I love words. But I’m one of those people who gets upset if you say irregardless. I have no right to, other than to point out that the only difference between regardless and irregardless is that one is correct and one is not, and if you can’t tell the difference, that’s too bad.
One Christmas, my step-dad gave me A Short Etymological Dictionary of Modern English (Eric Partridge, 1983); it is yellow and fading from direct sunlight, thick and angry, and starts something like this:
If he wishes to be in a position to understand words in their fullest implications and subtleties, in their nuances and most delicate modifications, he will do well to study the list of suffixes and then the little less important list of prefixes; lists that are themselves etymological. By the way, the prefixes and suffixes are my own idea; the list of compound-forming elements (this list, too, is etymological), that of an eminent and humane, practical yet imaginative French philologist, the late M. Albert Dauzat. Like his, my list is confined to the learnèd elements: where he omits such elements as are English words recorded in the dictionary itself. My list, however, is more than twice as long as his and, in treatment, much more spacious, for Origins differs considerably from the Dictionnaire étymologique de la langue française. (p. xiii)
I am sorry to be such an ass, but what little I’ve learned from this big book makes me feel like a prince in certain circles, and compensates for other areas in my life where I am inadequate, or loathsome.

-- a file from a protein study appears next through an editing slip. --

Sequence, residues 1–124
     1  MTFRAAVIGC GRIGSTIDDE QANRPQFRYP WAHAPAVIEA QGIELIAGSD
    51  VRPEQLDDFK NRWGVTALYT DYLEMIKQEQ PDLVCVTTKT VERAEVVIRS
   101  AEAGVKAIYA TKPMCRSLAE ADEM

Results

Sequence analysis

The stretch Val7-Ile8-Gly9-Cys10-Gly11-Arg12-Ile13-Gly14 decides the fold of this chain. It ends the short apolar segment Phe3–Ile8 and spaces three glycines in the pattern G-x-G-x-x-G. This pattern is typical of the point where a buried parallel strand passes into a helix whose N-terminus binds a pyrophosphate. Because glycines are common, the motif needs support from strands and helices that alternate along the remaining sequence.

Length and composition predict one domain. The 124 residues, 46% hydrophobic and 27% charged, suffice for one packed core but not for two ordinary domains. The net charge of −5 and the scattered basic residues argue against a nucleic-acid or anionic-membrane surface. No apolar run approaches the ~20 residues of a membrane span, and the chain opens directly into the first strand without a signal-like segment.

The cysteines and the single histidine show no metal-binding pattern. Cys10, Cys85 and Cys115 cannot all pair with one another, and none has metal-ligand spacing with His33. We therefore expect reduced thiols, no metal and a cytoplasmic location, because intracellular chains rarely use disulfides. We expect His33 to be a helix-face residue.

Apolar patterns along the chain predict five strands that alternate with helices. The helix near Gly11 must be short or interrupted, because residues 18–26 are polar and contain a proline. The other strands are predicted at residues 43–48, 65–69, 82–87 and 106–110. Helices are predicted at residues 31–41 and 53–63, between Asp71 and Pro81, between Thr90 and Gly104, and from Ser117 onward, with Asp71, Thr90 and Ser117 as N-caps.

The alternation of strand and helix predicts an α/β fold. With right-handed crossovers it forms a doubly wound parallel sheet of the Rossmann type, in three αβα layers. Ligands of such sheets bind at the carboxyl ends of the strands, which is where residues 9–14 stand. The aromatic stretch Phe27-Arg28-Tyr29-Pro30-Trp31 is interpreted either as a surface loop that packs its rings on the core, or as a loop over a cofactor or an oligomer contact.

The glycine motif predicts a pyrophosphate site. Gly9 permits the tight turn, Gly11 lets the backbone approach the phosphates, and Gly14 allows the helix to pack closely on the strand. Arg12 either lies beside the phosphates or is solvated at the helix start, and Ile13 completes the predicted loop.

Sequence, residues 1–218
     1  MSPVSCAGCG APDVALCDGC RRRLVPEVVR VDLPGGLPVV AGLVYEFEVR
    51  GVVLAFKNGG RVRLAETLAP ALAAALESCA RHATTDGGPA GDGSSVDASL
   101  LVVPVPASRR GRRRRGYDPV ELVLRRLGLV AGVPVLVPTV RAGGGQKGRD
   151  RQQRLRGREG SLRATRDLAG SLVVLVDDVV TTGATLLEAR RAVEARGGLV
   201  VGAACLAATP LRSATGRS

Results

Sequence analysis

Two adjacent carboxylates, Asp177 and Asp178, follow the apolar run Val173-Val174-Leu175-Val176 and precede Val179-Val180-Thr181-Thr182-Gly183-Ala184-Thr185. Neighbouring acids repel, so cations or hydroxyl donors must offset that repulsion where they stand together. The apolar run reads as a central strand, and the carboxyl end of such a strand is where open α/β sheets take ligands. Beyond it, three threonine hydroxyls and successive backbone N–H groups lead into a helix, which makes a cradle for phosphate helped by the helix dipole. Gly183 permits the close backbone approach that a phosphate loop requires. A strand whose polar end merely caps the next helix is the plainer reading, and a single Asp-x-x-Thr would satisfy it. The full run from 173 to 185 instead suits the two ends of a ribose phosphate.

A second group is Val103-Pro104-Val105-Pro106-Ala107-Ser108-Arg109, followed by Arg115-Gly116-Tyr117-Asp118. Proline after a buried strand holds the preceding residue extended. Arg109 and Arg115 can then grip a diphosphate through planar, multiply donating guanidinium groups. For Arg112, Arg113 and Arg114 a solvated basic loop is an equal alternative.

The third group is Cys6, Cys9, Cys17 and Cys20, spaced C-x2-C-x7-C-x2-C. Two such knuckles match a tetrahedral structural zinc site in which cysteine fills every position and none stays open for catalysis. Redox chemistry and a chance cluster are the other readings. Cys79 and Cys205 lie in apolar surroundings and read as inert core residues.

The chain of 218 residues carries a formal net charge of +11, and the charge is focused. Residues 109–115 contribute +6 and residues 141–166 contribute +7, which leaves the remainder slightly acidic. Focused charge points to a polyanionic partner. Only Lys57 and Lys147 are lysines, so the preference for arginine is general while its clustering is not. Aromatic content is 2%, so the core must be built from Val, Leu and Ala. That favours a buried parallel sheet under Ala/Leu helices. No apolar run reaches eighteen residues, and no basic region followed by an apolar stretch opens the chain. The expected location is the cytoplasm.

Today, I am celebrating the word LEGEND. Get a cup of tea or a large stout, and cozy-up.
Of all the words I’ve come across in this book, LEGEND has the most derivatives. That is to say, the most words come from the word LEGEND.
Consider for starters: legendary, lectern, lection, lesson, lector, lecture, legible, legion, legionary, legume, leguminose, ligneous, lignite, lignose, lignum…collect, collection, collective, collectivism, collectivist, collectivity, collector, coil…
It seems that the notion of LEGEND comes from the Latin legere, “…to gather (esp fruit), hence to collect…ML collector, adopted by E. L. colligere becomes OF coillir, whence ‘to coil,’ to gather together, esp a rope.” (p. 346)
It goes on and on, really…
Diligence, election, elegant, eligible, elite, intellect, intellection, intellectual, intelligent, intelligentsia, intelligible, neglect, neglectful, negligence, predilection, prelect, privilege, sacrilege, select, selection…logic, logical…and I’m leaving lots out, still.
All this to say: some may pooh-pooh legends as tall-tales, synonymous with urban myths. But the truth is, the word LEGEND is the source of so many commonly used English words: from legumes to apologies, analogies, eulogies.
In some ways, it’s a compilation of everything we’ve gathered and collected: knowledge is what we know now. LEGEND is what lives on.
For all the jerks like me who want to protect language from changing, to keep it right, it will change irregardless, as soon as it leaves the lips and carries on the winds.
Note: I went online hunting for more on LEGEND. I didn’t turn up much of anything. Some things are better found in books, with yellow pages and stuffy authors, who did it all in life before search engines.